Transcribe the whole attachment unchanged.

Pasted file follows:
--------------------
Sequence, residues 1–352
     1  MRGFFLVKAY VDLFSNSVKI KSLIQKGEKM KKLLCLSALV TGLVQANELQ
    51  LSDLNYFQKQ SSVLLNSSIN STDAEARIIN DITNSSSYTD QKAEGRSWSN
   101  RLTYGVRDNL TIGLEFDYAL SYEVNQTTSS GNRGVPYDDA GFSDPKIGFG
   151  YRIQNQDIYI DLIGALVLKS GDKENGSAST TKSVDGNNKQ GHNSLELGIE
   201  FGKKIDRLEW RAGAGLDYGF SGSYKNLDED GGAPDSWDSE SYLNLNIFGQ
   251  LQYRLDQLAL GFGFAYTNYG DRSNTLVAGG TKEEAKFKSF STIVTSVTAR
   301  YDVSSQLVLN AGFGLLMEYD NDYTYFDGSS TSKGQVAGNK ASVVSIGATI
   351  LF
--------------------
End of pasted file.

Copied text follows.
Sequence, residues 1–352
     1  MRGFFLVKAY VDLFSNSVKI KSLIQKGEKM KKLLCLSALV TGLVQANELQ
    51  LSDLNYFQKQ SSVLLNSSIN STDAEARIIN DITNSSSYTD QKAEGRSWSN
   101  RLTYGVRDNL TIGLEFDYAL SYEVNQTTSS GNRGVPYDDA GFSDPKIGFG
   151  YRIQNQDIYI DLIGALVLKS GDKENGSAST TKSVDGNNKQ GHNSLELGIE
   201  FGKKIDRLEW RAGAGLDYGF SGSYKNLDED GGAPDSWDSE SYLNLNIFGQ
   251  LQYRLDQLAL GFGFAYTNYG DRSNTLVAGG TKEEAKFKSF STIVTSVTAR
   301  YDVSSQLVLN AGFGLLMEYD NDYTYFDGSS TSKGQVAGNK ASVVSIGATI
   351  LF